It’s about more than climate change

The climate change crisis is at a pivotal moment where rhetoric about decarbonising and becoming sustainable needs to become reality.

But the journey to this point has been a long one. Countless political figures have spoken about the crisis and looked to spearhead a movement, but ultimately did very little. That was until a 15- year old Swedish girl decided to take a stand.

That girl Greta Thunberg became the lightning rod for not just climate change activists but to whole generations who saw that it was their future that was ultimately being impacted.

Thunberg however is not alone and you don’t have to go too far to meet young people who are actively engaging with the green agenda. recently sat down with Will Solomon, 16 and Curtis Yip, 15 who are both members of the Yorkshire and Humber Regional Youth Climate Assembly (RYCA) to discuss the topic of climate change, why businesses need to engage and some of the assembly’s manifesto points.

Will Solomon

Solomon started by explaining RYCA was created in August 2020 in the midst of the pandemic as part of the bigger Yorkshire and Humber Youth Workers Unit and part of the Youth Councils system.

He noted: “I think Zoom has been quite helpful [for us] because I’m from West Yorkshire, Curtis is from South Yorkshire and we’ve got members from across the whole of the region, so it’s easier for us to meet on here [via Zoom] than it is for all of us having to get trains to York for instance every week.”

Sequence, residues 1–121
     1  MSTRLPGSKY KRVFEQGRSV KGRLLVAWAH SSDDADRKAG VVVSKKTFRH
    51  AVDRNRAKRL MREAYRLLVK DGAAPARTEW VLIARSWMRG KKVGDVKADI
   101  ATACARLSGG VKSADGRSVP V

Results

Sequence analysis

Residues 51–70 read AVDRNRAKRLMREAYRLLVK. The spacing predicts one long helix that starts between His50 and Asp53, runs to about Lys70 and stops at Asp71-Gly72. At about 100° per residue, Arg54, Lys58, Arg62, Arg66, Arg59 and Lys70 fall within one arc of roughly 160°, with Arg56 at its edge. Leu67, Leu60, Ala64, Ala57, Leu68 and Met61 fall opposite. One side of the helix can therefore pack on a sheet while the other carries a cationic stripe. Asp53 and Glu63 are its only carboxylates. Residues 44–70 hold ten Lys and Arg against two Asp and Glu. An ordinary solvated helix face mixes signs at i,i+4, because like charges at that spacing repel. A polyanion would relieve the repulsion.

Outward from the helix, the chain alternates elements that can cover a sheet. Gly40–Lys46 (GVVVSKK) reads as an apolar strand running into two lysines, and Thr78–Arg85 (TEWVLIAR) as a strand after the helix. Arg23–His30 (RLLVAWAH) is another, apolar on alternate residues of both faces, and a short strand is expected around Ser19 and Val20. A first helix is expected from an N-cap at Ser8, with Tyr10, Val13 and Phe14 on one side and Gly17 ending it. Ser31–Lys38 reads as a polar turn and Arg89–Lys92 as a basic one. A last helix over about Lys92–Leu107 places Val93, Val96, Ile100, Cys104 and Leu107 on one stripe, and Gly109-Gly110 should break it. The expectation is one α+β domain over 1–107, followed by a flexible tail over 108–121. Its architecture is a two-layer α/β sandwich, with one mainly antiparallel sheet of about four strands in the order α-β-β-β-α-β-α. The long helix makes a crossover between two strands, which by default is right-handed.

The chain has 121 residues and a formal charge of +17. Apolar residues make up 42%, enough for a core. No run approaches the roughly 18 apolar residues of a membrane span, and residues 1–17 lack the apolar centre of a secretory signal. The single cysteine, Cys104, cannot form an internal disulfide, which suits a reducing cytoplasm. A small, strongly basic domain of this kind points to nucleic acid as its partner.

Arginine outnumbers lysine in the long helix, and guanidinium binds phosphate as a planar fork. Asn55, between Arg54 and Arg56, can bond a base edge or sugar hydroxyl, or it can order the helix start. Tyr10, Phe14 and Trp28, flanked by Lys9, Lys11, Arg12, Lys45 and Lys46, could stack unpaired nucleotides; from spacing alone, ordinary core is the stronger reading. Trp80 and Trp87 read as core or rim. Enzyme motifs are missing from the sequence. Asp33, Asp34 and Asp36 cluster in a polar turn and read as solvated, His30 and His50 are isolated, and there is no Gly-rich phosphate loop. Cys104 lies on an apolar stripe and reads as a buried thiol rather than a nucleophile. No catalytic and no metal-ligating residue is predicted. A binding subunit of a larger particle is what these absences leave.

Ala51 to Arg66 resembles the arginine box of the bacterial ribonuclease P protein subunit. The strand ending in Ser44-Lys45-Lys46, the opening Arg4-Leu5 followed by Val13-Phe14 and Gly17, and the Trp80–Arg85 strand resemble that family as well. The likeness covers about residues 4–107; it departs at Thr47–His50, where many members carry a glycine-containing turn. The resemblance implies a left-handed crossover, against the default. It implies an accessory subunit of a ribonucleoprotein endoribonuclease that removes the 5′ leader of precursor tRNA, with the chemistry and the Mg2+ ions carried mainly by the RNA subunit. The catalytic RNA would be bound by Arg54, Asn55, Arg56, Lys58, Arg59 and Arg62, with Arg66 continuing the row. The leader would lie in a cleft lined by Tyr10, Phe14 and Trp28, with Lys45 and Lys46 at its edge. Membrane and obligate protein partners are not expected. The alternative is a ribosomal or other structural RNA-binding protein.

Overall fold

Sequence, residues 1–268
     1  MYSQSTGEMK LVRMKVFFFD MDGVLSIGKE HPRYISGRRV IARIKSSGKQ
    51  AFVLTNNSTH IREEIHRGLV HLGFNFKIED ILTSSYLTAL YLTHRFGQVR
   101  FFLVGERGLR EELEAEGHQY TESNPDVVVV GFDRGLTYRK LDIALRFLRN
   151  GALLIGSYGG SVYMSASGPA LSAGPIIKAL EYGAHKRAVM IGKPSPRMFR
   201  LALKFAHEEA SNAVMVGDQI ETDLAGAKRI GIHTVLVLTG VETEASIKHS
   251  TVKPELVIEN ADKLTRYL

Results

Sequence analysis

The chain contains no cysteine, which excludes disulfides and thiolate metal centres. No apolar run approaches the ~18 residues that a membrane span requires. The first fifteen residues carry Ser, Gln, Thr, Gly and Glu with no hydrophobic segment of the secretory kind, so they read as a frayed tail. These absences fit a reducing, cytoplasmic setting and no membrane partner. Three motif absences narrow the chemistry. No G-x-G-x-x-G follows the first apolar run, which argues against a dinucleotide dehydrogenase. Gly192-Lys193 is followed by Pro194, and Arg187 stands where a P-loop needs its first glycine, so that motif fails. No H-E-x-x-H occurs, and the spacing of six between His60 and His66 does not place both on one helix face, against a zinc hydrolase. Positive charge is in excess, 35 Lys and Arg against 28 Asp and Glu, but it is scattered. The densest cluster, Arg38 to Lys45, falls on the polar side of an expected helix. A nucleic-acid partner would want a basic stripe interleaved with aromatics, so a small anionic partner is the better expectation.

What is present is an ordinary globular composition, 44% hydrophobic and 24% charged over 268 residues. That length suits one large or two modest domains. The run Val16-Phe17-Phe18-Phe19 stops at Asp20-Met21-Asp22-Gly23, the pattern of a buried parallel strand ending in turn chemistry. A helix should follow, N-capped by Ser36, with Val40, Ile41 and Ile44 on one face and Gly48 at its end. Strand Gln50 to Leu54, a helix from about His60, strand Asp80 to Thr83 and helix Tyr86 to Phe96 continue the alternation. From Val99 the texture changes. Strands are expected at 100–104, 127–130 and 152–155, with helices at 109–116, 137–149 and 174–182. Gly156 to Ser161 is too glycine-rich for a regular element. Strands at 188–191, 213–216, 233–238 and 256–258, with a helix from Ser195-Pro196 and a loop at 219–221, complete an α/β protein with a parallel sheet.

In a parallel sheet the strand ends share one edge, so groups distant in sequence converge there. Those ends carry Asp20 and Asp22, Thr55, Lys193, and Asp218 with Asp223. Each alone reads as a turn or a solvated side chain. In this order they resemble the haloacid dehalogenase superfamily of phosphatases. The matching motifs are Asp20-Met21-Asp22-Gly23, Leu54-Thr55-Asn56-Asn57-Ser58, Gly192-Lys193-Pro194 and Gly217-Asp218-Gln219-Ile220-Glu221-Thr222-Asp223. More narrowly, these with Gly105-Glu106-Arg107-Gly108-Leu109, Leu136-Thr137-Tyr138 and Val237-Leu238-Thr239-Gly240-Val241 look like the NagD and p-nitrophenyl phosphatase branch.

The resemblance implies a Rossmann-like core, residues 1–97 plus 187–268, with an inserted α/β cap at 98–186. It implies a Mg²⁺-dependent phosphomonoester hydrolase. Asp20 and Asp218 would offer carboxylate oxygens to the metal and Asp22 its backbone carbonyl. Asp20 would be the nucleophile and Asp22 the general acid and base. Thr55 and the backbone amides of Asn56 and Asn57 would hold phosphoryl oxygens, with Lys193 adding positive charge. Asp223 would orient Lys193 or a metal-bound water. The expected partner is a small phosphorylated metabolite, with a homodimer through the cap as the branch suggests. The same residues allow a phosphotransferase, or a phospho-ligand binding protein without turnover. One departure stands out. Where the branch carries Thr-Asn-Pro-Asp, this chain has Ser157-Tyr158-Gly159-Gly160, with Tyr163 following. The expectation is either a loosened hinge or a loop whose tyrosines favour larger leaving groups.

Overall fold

The group currently has 14 core members who attend the majority of meetings however, Claire Whiteley who helps organise it through the bigger Yorkshire and Humber Youth Workers Unit added that because sessions can be focused specifically some topics will attract a broader audience, for instance a session on transport might attract 40.

Whiteley, Solomon and Yip however also share that the audience for their work appears to only be getting bigger, with 100 young people attending an event the Assembly held linked with South Africa that looked at the difference in experience of climate change between the Northern and Southern hemispheres.

However, the two teenagers also emphasise it’s not just other young people they’re speaking to or are keen to engage with.

Watching the group’s manifesto video which lays out the aims of the Assembly one of the striking notes is “equal environmental funding North + South of the UK”, do they see a divide?

Curtis Yip

Yip explained: “Climate change itself is a shared responsibility which requires a shared approach.

“if they’re [the Government] just segregating the North and only investing in the South, that might meet demands but how is it sustainable in the long run.